Cinema has been around for more than a century. From the nickleodeons of the 1800s, to Block Buster Rentals of the 80s and 90s…to modern day IMAX. Genre and type go almost beyond limit when it comes to cinema. Cinematography has evolved and mixed over generations. Scores written by master composers have won more Oscars than many actors of the day. Speaking of actors…well, there’s just so many, each unique, even when taking inspiration from the people around them, writers of their characters and also fellow actors. Screens have grown from tiny wooden rooms, to grand orchestral halls, to the glory of modern day premiere scaling international lengths.
So what’s new for cinema in the modern, technological age? Virtual Reality. Now…3D immersive movies have been around for quite some time in cinema, although they weren’t utilizing VR at the time. But with the rattling seats of the cinema and the spray of water on he face, with surround sound speakers, they did a pretty good job. However, the scale was quite small and such 3D movies never caught on. In recent times however, since VR has become a mainstream platform, organizations have finally begun to pool some of their cash into immersive cinema. Within recent years, Hollywood has seemed to have noticed the possibilities that encompass VR cinema. Academy Award winner Katheryn Bigelow, in 2017, created an immersive documentary on Poaching and how it’s affecting the world by the name of The Protectors. Mexican writer and director Alejandro G. Inarritu even won an Academy Award for his VR film Carne Y Arena. Acclaimed director and writer Ridley Scott, with a history of making Sci-Fi thrillers such as the ALIEN series and Blade Runner, has found quite an interest in VR film making, and has created an Immersive Movie branch of his company RSA Films. RSA Films previously released The Martian Experience, a VR experience of the hit Sci-Fi movie The Martian featuring Matt Damon.
We have been heavily involved in VR for the past few years, and having a dedicated stand-alone division underscores our commitment to immersive media in both the brand and entertainment space.
– Jules Daly, President RSA Films.
However, in spite of the fact that VR movies are gradually becoming common among the masses, there is still a plethora of obstacles. The key obstacle being, that many directors are simply not used producing films for VR. Most are accustomed to using two dimensional point of views, which often encompass a grand scale. Having a grand scale for a VR movie is quite difficult, since the “camera’s eye” is the user itself, and is unable to move a great distance. Another key obstacle, is the fact that many people get motion sickness and nausea from continuous VR usage, especially elders. Furthermore, all cinema movies are directed and shot to engulf a massive audience, in a large theater. This is quite the issue with VR, since its a. Only available on a handful of devices and b. Only provides the experience to one individual at a time. People often like to share their experience. Comfort is also an issue, as wearing a VR headset for an extended period of time can be quite difficult as well.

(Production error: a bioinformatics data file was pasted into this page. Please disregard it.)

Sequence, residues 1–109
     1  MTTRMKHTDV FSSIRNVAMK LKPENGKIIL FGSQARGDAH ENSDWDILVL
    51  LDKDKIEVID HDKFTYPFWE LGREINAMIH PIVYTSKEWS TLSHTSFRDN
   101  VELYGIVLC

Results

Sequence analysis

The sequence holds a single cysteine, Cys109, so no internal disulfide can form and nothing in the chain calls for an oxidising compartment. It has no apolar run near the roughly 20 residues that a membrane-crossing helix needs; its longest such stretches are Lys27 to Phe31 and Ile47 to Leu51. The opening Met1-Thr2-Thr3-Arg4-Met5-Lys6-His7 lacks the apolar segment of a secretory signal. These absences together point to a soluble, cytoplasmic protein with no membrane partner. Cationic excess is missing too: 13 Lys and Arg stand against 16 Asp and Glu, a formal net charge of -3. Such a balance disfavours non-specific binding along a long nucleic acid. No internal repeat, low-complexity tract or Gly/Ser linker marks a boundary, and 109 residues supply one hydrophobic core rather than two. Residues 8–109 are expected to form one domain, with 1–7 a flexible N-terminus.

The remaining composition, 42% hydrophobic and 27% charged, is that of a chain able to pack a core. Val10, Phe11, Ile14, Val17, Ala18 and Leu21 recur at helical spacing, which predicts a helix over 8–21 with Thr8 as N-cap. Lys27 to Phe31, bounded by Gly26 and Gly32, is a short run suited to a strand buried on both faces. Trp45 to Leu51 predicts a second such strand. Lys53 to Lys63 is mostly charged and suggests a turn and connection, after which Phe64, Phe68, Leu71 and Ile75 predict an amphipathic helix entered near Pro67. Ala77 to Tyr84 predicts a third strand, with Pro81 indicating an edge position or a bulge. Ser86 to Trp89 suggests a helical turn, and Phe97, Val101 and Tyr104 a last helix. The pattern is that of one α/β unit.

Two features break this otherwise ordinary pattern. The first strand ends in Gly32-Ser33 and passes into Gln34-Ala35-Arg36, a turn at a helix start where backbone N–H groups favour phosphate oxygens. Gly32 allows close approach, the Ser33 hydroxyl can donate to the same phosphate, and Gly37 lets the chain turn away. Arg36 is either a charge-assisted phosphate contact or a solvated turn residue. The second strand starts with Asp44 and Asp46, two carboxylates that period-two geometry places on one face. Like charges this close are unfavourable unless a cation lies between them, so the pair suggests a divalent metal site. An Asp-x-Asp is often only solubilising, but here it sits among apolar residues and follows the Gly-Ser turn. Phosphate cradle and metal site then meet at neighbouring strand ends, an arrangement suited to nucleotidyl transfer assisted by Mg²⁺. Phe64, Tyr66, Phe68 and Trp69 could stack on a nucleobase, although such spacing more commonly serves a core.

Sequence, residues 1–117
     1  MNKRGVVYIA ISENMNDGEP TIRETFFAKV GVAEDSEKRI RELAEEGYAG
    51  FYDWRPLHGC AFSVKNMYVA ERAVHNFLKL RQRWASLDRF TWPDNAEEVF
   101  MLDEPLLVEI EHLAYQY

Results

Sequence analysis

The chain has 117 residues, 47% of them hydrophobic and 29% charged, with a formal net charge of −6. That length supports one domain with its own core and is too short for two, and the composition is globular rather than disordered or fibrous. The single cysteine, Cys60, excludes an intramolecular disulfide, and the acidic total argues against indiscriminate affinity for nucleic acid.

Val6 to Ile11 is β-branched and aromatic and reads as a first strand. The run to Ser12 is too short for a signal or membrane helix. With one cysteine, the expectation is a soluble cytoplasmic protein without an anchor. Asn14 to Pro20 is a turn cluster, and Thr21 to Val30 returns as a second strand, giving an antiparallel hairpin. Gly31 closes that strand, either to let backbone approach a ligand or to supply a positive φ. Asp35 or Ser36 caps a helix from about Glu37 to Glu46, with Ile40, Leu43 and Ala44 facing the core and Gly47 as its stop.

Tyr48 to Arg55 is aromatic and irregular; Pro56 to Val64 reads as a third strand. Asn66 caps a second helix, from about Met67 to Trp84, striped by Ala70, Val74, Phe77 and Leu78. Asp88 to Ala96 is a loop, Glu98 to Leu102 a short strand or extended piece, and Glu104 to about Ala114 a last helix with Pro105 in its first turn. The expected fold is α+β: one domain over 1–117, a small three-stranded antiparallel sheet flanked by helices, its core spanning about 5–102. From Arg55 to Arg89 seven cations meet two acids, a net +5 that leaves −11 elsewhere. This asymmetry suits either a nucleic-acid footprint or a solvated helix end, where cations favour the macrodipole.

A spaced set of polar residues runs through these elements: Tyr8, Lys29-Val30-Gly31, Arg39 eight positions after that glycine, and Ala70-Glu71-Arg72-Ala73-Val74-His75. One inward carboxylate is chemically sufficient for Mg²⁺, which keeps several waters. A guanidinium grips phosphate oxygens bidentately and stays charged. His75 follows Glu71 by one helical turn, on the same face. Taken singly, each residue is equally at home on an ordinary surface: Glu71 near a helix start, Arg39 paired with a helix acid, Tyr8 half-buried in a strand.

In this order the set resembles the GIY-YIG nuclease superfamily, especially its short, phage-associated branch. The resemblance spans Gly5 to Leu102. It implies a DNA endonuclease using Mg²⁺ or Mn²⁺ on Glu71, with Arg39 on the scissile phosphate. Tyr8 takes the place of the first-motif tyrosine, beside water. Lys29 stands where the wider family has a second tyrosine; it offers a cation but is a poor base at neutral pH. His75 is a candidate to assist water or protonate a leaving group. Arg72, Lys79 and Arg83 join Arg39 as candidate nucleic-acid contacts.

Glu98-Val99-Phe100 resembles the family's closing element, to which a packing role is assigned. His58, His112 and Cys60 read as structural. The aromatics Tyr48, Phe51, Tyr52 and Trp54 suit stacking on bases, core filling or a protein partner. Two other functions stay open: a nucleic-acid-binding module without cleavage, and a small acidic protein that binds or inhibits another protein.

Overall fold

Now the above may seem to blur any possibilities of a sustainable future for VR cinema, but there’s always a bright side as well. There is a reason many directors and companies are shifting towards VR entertainment. The first being, obviously…that there’s nothing like a VR experience in any public theater, it simply cant be done. Also, its still new! The two dimensional cinema has existed for a century now and is saturated to the core. VR cinema however is still new, and not a lot of people are hoping on board either. So the opportunity is not just new, but its also here to stay for a while.
So while it may just be a child, I personally think VR cinema is here to stay, and in the years to come, when VR becomes a common household item, we’ll be a getting virtual reality master pieces!